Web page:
Published at April 15, 2013 | Tagged with: , , , , , ,

Or how to use the benefits of Django template system during the PSD to HTML phase

There are two main approaches to start designing a new project - Photoshop mock-up or an HTML prototype. The first one is more traditional and well established in the web industry. The second one is more alternative and (maybe)modern. I remember a video of Jason Fried from 37 Signals where he talks about design and creativity. You can see it at http://davegray.nextslide.com/jason-fried-on-design. There he explains how he stays away from the Photoshop in the initial phase to concetrate on the things that you can interact with instead of focusing on design details.

I am not planning to argue which is the better method, the important thing here is that sooner or later you get to the point where you have to start the HTML coding. Unfortunately frequently this happens in a pure HTML/CSS environment outside of the Django project and then we waste some extra amount of time to convert it to Django templates.

Wouldn't be awesome if you can give the front-end developers something that they can install/run with a simple command and still to allow them to work in the Django environment using all the benefits it provides - templates nesting and including, sekizai tags etc.

I have been planning to do this for a long time and finally it is ready and is available at Django for Prototyping. Currently the default template includes Modernizr, jQuery and jQuery UI but you can easily modify it according to your needs. I would be glad of any feedback and ideas of improvement so feel free to try it and comment.

Automation, Fabric and Django - presentation

Published at Oct. 3, 2012 | Tagged with: , , , , ,

As a follow up post of Automated deployment with Ubuntu, Fabric and Django here are the slides from my presentation on topic "Automation, Fabric and Django". Unfortunately there is no audio podcast but if there is interest I can add some comments about each slide as part of this post.

Automation - fabric, django and more from Ilian Iliev

If there is anything that need explanation feel free to ask.

Django project file structure

Published at Sept. 24, 2012 | Tagged with: , ,

As I promised in Automated deployment with Ubuntu, Fabric and Django I will use this post to explain the file structure that I use for my Django projects and what I benefit from it. So here is my project directory tree.

The structure

~/workspace/&lt;project_name&gt;/
|-- bin
|-- include
|-- lib
|-- local
|-- src
   |-- .git
   |-- .gitignore
   |-- required_packages.txt
   |-- media
   |-- static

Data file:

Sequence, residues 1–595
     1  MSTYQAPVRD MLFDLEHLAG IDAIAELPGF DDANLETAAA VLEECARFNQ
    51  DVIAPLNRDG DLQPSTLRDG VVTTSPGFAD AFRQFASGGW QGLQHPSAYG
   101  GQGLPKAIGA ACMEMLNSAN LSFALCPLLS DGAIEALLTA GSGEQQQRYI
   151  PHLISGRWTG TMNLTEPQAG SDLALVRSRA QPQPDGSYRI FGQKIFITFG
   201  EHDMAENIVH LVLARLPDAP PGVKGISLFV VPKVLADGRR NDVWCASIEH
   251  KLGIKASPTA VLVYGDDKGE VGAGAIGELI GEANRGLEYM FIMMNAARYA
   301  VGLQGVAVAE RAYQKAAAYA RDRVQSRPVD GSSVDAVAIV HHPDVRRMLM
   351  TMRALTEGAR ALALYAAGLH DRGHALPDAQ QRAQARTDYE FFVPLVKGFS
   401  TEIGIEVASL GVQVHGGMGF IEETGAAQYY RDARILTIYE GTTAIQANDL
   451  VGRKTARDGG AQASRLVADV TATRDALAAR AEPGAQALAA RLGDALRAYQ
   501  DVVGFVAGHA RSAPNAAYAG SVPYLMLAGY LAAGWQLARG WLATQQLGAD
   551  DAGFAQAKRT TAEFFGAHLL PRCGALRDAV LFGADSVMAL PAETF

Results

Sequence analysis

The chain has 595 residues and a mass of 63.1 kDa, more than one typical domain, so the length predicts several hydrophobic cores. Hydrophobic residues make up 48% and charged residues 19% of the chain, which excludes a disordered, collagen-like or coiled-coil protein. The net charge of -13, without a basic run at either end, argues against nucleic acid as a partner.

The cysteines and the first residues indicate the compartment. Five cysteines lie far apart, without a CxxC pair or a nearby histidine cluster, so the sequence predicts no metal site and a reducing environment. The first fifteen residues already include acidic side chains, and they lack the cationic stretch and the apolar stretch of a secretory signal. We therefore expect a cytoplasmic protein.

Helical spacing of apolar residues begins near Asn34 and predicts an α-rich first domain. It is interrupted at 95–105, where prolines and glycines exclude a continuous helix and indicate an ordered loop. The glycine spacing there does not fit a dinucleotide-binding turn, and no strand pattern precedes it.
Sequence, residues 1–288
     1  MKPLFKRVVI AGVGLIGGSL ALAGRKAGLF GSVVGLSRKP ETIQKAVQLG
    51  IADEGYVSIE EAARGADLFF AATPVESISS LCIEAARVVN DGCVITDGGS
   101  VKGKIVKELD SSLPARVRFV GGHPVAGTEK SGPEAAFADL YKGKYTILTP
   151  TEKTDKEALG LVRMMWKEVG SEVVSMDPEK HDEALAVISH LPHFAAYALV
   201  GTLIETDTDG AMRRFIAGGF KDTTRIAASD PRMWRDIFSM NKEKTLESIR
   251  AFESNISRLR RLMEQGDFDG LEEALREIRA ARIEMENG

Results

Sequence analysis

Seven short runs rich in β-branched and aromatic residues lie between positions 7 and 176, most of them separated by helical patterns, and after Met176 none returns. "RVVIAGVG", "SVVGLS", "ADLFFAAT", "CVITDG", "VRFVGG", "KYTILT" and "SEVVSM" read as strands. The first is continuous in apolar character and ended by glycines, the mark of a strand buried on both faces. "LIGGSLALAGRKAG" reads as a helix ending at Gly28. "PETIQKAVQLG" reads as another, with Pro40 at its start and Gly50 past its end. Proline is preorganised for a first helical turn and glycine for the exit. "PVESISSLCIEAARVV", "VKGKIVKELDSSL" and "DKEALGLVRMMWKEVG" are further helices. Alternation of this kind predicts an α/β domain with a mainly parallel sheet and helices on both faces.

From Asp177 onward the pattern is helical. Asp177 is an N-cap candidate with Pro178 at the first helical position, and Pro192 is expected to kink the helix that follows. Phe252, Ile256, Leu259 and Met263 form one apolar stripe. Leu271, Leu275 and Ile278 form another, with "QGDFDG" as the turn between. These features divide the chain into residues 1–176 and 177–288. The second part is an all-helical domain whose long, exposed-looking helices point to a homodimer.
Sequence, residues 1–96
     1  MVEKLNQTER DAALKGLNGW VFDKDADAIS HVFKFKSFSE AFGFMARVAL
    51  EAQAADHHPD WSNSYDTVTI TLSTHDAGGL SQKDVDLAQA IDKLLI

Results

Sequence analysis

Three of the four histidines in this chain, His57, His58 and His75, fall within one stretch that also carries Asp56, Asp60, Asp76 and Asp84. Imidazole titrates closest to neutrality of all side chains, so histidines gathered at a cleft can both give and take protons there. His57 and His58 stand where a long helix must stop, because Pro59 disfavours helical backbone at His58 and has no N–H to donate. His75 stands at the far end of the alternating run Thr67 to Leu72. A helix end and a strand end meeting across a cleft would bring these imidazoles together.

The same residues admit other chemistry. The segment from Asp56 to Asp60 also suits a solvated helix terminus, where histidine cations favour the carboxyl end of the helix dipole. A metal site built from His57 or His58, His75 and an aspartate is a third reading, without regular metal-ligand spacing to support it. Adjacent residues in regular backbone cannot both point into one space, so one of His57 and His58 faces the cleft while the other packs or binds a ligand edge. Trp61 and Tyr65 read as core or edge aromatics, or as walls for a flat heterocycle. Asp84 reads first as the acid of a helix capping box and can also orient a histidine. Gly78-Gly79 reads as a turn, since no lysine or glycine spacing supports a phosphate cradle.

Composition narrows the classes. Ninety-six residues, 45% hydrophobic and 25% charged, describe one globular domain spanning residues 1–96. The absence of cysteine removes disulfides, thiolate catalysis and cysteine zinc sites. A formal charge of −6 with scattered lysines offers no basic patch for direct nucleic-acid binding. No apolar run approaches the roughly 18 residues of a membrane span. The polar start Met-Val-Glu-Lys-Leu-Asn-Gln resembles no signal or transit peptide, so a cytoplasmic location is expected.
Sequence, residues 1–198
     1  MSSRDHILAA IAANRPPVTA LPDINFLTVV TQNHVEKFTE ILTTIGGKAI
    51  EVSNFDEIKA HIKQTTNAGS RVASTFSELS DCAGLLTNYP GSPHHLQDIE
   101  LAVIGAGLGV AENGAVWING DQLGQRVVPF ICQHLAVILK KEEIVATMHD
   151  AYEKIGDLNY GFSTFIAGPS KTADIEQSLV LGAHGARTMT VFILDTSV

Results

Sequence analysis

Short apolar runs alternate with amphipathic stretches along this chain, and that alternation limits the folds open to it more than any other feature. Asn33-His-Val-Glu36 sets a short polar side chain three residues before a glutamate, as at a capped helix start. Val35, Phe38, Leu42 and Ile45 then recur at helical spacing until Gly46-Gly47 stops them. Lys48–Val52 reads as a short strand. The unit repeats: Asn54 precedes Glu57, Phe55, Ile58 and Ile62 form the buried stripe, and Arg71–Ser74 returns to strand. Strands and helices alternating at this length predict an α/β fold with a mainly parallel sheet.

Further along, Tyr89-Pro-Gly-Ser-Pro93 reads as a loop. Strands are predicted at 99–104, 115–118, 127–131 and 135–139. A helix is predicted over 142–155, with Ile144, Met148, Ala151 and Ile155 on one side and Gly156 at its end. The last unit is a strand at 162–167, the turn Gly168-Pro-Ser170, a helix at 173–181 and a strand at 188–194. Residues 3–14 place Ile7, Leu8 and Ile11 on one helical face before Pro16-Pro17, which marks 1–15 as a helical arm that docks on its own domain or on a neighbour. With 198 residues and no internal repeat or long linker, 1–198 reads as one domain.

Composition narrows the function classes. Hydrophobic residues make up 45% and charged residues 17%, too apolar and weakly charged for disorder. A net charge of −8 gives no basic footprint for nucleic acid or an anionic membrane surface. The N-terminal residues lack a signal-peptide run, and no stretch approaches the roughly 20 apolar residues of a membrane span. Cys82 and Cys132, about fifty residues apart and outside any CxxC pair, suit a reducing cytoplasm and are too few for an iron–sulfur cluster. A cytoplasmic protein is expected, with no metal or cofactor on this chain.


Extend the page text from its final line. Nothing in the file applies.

|-- &lt;project_name&gt;
   |   |-- &lt;project_name&gt;
   |   |   |-- __init__.py
   |   |   |-- settings
   |   |   |   |-- __init__.py
   |   |   |   |-- &lt;environment_type&gt;.py
   |   |   |   |-- local.py
   |   |   |-- templates
   |   |   |-- urls.py
   |   |   |-- views.py
   |   |-- manage.py
   |   |-- wsgi.py
   |-- &lt;project_name&gt;.development.nginx.local.conf
   |-- &lt;project_name&gt;.&lt; environment_type&gt;.nginx.uwsgi.conf
   |-- &lt;project_name&gt;.&lt; environment_type&gt;.uwsgi.conf

Explanation

At the top I have a directory named as the project and virtual environment inside of it. The benefit from it is complete isolation of the project from the surrounding projects and python packages installed at OS level and ability to install packages without administrator permissions. It also provides an easy way to transfer the project from one system to another using a requirements file.
The src folder is where I keep everything that is going to enter the version control project source, requirements files, web server configuration etc.
My default .gitignore is made to skip the pyc-files, the PyDev files and everything in the static and media directories.
The media directory is where the MEDIA_ROOT settings point to, respectively static is for the STATIC_ROOT.
All required packages with their version are placed in required_packages.txt so we can install/update them with a single command in the virtual environment.
In a directory with the name of the project is where the python code resides. Inside it the project structure partly follows the new project layout introduced in Django 1.4.
The big difference here is the settings part. It is moved as a separate module where all common/general settings are place in __init__.py